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Sax student, composer showcased in Jazziz magazine

Matt Lanka
Matt Lanka

Washington State University saxophonist and composer Matt Lanka is showcased in a recent issue of Jazziz magazine, one of the top jazz publications in the world. A recording of Lanka’s composition “Howl,” performed by the WSU Jazz Big Band, is included on the CD “Fall Into Jazz,” distributed internationally in the fall 2012 issue of the magazine.

The CD also features recordings from new releases by top jazz figures David Sanborn, Al Jarreau, Béla Fleck, Marcus Miller, the Bad Plus, and Bob Mintzer.

“Lanka is an excellent saxophonist and gifted composer with a bright future,” said Greg Yasinitsky, director of the WSU School of Music. “This is the 10th year in a row that WSU students have been featured in Jazziz, and it is gratifying to see our School of Music honored in this way.”

Lanka is an M.A. candidate and teaching assistant in the School of Music. He studies saxophone with Dave Hagelganz and composition with Yasinitsky and performs in the WSU Jazz Big Band under Yasinitsky’s direction. The recording was made last spring in the WSU Recording Studio with Dave Bjur, engineer.

Prospective Alzheimer’s drug builds new brain cell connections

Jay Wright
Jay Wright

By Eric Sorensen, WSU science writer

Washington State University researchers have developed a new drug candidate that dramatically improves the cognitive function of rats with Alzheimer’s-like mental impairment.

Their compound, which is intended to repair brain damage that has already occurred, is a significant departure from current Alzheimer’s treatments, which either slow the process of cell death or inhibit cholinesterase, an enzyme believed to break down a key neurotransmitter involved in learning and memory development.

Such drugs, says Joe Harding, a professor in WSU’s College of Veterinary Medicine, are not designed to restore lost brain function, which can be done by rebuilding connections between nerve cells.

“This is about recovering function,” he says. “That’s what makes these things totally unique. They’re not designed necessarily to stop anything. They’re designed to fix what’s broken. As far as we can see, they work.”

Harding, Jay Wright (regents professor, psychology), and other WSU colleagues report their findings in the online “Fast Forward” section of the Journal of Pharmacology and Experimental Therapeutics. Continue story →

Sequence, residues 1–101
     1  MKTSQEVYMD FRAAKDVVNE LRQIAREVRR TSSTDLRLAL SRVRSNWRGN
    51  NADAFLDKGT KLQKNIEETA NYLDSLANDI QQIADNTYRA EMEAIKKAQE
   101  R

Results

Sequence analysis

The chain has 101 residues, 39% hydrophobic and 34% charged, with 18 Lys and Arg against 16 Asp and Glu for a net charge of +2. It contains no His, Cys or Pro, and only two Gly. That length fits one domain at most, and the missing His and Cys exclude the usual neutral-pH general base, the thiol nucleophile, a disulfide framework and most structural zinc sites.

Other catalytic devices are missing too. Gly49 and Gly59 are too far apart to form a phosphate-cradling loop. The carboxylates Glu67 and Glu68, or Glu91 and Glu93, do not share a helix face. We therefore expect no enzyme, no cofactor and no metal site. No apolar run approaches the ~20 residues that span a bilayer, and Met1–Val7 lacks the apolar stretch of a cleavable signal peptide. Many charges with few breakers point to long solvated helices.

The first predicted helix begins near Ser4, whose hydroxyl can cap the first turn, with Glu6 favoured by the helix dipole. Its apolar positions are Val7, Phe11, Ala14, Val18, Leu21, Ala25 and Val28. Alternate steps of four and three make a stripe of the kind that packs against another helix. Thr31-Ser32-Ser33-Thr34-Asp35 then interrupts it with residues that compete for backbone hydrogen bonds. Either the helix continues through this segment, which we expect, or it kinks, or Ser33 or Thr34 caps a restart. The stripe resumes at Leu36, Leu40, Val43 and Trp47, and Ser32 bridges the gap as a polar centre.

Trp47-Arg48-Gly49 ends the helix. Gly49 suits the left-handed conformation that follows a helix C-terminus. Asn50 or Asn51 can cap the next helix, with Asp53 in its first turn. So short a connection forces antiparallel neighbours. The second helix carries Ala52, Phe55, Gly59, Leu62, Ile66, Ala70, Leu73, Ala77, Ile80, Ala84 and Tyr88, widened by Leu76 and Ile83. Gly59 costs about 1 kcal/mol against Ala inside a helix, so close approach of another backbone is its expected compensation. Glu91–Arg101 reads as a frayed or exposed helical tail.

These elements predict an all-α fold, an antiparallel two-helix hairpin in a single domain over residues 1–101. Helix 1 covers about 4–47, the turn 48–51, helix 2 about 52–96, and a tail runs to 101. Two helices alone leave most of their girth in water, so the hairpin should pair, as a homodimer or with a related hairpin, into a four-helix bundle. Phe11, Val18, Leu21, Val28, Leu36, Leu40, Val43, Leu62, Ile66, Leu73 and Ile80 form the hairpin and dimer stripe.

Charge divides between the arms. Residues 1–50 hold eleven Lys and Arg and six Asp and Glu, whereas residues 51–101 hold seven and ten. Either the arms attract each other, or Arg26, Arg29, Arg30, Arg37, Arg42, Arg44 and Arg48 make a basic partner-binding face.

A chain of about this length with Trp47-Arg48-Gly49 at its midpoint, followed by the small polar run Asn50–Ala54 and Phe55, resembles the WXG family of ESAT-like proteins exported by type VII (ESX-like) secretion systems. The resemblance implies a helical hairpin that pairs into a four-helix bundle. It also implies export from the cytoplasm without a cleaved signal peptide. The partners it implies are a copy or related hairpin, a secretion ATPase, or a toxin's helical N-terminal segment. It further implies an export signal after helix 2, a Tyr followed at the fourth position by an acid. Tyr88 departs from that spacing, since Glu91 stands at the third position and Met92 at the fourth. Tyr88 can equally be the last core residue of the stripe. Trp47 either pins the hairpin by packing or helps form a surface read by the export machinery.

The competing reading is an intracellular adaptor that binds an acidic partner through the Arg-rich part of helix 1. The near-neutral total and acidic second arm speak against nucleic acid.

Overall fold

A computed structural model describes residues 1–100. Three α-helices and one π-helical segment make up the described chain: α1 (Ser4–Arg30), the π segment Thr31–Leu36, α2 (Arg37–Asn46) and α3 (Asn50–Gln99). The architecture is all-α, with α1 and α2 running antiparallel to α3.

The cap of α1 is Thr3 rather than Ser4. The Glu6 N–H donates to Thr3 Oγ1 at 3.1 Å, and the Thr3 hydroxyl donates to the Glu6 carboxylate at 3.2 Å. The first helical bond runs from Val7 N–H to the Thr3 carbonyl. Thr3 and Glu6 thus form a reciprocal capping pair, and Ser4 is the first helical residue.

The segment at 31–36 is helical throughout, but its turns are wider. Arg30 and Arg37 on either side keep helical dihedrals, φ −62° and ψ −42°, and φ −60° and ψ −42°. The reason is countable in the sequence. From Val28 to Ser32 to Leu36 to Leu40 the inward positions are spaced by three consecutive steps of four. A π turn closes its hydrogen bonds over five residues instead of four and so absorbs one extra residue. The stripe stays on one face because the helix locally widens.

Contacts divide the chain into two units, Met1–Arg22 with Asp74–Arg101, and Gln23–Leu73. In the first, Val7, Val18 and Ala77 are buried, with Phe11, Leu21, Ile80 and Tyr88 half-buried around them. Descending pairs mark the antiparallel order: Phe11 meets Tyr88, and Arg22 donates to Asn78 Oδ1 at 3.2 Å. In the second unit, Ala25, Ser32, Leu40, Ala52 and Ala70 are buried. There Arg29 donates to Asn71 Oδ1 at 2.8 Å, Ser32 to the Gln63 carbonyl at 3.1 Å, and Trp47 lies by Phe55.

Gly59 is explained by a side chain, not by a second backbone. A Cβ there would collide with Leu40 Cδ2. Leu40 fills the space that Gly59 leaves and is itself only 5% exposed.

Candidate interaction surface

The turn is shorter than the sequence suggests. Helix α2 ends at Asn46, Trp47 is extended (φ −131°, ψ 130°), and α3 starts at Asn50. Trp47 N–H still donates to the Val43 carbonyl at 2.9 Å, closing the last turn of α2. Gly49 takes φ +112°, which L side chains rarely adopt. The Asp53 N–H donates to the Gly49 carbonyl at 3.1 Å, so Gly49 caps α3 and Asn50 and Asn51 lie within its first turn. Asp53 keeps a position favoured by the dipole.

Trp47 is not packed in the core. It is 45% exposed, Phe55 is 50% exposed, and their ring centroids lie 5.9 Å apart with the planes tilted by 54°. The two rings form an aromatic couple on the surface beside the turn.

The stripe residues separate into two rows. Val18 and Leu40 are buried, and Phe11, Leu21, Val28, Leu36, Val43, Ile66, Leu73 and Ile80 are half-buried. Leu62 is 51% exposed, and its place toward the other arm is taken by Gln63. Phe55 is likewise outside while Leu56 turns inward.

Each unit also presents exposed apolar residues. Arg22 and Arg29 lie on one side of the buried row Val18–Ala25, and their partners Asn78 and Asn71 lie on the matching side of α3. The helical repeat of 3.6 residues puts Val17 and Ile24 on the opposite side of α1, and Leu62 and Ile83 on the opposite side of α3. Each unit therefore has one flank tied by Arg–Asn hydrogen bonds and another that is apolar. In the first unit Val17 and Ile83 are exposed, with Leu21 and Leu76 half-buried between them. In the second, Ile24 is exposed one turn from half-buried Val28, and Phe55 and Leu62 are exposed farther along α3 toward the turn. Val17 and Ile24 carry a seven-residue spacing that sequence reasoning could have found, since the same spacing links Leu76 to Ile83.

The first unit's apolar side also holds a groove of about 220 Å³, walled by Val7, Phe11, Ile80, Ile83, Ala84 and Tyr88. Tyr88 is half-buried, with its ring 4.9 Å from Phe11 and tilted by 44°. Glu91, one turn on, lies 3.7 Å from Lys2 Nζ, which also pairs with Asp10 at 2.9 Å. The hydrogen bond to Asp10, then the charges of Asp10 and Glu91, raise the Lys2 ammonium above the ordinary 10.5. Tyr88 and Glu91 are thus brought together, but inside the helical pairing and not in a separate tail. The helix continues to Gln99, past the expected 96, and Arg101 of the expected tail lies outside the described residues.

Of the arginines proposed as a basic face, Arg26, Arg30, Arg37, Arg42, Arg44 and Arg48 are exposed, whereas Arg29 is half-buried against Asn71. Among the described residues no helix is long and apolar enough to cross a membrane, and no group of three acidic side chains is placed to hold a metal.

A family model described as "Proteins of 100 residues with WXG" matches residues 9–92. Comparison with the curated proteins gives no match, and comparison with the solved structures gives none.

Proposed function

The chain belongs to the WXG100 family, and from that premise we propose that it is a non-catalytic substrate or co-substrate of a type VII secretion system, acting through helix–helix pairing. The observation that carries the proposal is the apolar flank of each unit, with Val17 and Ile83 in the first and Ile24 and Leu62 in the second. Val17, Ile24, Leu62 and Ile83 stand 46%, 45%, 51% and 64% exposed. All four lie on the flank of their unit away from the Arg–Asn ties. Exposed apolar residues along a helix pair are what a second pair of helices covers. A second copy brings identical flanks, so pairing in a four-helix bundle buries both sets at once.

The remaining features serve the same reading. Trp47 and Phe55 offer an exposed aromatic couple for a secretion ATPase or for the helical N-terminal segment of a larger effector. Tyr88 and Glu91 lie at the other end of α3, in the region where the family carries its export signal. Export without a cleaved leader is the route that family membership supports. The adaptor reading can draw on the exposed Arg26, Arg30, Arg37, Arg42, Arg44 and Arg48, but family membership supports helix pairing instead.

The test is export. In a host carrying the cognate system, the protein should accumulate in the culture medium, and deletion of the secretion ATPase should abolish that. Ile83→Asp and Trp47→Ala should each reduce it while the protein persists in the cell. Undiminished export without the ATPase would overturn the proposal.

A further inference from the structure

WSU researcher to model drought resistance

By Joanna Steward, College of Arts and Sciences

From the tomatoes in your garden to the grain yield of an acre of wheat, the availability of water significantly influences a plant’s productivity. Even within the same plot, individual plants can sometimes handle drought conditions better than others—and Washington State University plant biologist Asaph Cousins wants to know why.

Cousins is part of a nationwide team hoping to discover the mechanisms that underlie drought responses and identify candidate genes and pathways for improving plant productivity, particularly in bioenergy grasses. » More …

Pulitzer grant funds coup coverage

By Phyllis Shier, College of Arts and Sciences

After navigating a coup and rebellion in West Africa with funding from a Pulitzer Center for Crisis Reporting grant, a Washington State University English professor will share his first-person account in an e-book for a Washington Post publication.

Creative writing professor Peter Chilson’s investigative journalism will be the basis for the e-book, to be released early in December by Foreign Policy magazine. Tentatively titled We Never Knew Exactly Where: Dispatches from a Borderland in Africa, the book addresses the turmoil in Mali over the last year and how those problems relate to the legacy of Africa’s colonial borders.

Peter Chilson with Tuareg nationalists
Peter Chilson with Tuareg nationalists at the Mentao Red Cross refugee camp in northern Burkina Faso.

Chilson received a grant from the Pulitzer Center for Crisis Reporting to cover the crises from Mali and neighboring Burkina Faso for six weeks from mid-May to early June. The Pulitzer Center partners with worldwide media agencies to provide coverage on issues of global importance underreported in mainstream American media. Chilson was one of four writers to receive grants to cover borderland disputes around the world. » More …